|Two Gentlemen of Verona|
| Two Gentlemen of Verona
| Act 2, Scene 1
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Enter VALENTINE and SPEEDSPEED
Sir, your glove.VALENTINE
Not mine; my gloves are on.SPEED
Why, then, this may be yours, for this is but one.VALENTINE
Ha! let me see: ay, give it me, it's mine:SPEED
Sweet ornament that decks a thing divine!
Ah, Silvia, Silvia!
Madam Silvia! Madam Silvia!VALENTINE
How now, sirrah?SPEED
She is not within hearing, sir.VALENTINE
Why, sir, who bade you call her?SPEED
Your worship, sir; or else I mistook.VALENTINE
Well, you'll still be too forward.SPEED
And yet I was last chidden for being too slow.VALENTINE
Go to, sir: tell me, do you know Madam Silvia?SPEED
She that your worship loves?VALENTINE
Why, how know you that I am in love?SPEED
Marry, by these special marks: first, you haveVALENTINE
learned, like Sir Proteus, to wreathe your arms,
like a malecontent; to relish a love-song, like a
robin-redbreast; to walk alone, like one that had
the pestilence; to sigh, like a school-boy that had
lost his A B C; to weep, like a young wench that had
buried her grandam; to fast, like one that takes
diet; to watch like one that fears robbing; to
speak puling, like a beggar at Hallowmas. You were
wont, when you laughed, to crow like a cock; when you
walked, to walk like one of the lions; when you
fasted, it was presently after dinner; when you
looked sadly, it was for want of money: and now you
are metamorphosed with a mistress, that, when I look
on you, I can hardly think you my master.
Are all these things perceived in me?SPEED
They are all perceived without ye.VALENTINE
Without me? they cannot.SPEED
Without you? nay, that's certain, for, without youVALENTINE
were so simple, none else would: but you are so
without these follies, that these follies are within
you and shine through you like the water in an
urinal, that not an eye that sees you but is a
physician to comment on your malady.
But tell me, dost thou know my lady Silvia?SPEED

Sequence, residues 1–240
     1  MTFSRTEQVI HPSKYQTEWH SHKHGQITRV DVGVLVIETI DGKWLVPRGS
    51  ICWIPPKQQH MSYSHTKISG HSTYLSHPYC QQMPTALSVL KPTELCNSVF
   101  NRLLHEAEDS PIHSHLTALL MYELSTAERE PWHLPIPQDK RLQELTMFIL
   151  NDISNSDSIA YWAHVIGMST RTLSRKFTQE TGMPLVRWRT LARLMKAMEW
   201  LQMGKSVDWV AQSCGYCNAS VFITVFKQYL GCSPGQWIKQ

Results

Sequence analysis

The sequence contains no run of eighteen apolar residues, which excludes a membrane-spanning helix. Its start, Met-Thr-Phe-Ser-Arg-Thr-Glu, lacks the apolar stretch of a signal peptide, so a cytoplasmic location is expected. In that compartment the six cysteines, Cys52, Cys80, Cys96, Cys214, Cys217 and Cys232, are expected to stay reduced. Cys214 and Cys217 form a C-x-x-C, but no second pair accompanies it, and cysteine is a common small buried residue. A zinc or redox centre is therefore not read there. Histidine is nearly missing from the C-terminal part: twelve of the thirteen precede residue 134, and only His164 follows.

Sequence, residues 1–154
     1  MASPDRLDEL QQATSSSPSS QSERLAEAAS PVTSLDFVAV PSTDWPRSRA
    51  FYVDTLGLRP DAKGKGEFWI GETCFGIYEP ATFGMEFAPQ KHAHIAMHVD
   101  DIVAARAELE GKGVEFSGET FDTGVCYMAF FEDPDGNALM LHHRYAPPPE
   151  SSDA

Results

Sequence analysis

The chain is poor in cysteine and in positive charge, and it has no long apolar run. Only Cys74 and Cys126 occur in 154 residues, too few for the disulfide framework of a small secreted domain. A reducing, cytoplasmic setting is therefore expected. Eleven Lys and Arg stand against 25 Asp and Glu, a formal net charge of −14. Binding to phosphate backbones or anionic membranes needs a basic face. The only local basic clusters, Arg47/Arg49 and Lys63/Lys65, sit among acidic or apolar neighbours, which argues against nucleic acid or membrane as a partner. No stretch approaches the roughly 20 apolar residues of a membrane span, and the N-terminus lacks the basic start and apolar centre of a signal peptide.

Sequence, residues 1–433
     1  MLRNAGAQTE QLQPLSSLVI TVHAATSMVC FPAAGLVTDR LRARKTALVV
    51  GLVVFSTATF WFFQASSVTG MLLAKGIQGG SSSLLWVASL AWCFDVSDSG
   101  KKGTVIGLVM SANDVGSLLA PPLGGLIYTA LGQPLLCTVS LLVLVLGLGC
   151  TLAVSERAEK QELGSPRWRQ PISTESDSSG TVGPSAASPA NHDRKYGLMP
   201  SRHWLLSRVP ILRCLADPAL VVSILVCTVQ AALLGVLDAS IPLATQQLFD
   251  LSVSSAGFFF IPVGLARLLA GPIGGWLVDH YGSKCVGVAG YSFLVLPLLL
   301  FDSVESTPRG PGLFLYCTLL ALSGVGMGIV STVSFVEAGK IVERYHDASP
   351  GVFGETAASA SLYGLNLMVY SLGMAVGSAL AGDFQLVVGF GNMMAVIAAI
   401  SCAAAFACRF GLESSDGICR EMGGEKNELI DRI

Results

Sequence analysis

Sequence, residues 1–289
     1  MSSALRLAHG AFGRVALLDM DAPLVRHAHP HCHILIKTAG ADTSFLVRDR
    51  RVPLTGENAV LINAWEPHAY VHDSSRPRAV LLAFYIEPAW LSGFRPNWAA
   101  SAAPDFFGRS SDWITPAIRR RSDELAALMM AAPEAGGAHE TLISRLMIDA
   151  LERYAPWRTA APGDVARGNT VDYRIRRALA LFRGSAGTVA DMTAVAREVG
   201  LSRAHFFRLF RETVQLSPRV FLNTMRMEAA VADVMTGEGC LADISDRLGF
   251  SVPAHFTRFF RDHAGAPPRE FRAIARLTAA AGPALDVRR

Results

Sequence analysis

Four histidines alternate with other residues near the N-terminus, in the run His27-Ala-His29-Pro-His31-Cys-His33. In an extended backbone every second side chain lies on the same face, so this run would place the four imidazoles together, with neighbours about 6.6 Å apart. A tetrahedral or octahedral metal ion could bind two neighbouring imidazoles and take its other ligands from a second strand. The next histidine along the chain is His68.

She that you gaze on so as she sits at supper?VALENTINE
Hast thou observed that? even she, I mean.SPEED
Why, sir, I know her not.VALENTINE
Dost thou know her by my gazing on her, and yetSPEED
knowest her not?
Is she not hard-favoured, sir?VALENTINE
Not so fair, boy, as well-favoured.SPEED
Sir, I know that well enough.VALENTINE
What dost thou know?SPEED
That she is not so fair as, of you, well-favoured.VALENTINE
I mean that her beauty is exquisite, but her favour infinite.SPEED
That's because the one is painted and the other outVALENTINE
of all count.
How painted? and how out of count?SPEED
Marry, sir, so painted, to make her fair, that noVALENTINE
man counts of her beauty.
How esteemest thou me? I account of her beauty.SPEED
You never saw her since she was deformed.VALENTINE
How long hath she been deformed?SPEED
Ever since you loved her.VALENTINE
I have loved her ever since I saw her; and still ISPEED
see her beautiful.
If you love her, you cannot see her.VALENTINE
Because Love is blind. O, that you had mine eyes;VALENTINE
or your own eyes had the lights they were wont to
have when you chid at Sir Proteus for going
What should I see then?SPEED
Your own present folly and her passing deformity:VALENTINE
for he, being in love, could not see to garter his
hose, and you, being in love, cannot see to put on your hose.
Belike, boy, then, you are in love; for lastSPEED
morning you could not see to wipe my shoes.
True, sir; I was in love with my bed: I thank you,VALENTINE
you swinged me for my love, which makes me the
bolder to chide you for yours.
In conclusion, I stand affected to her.SPEED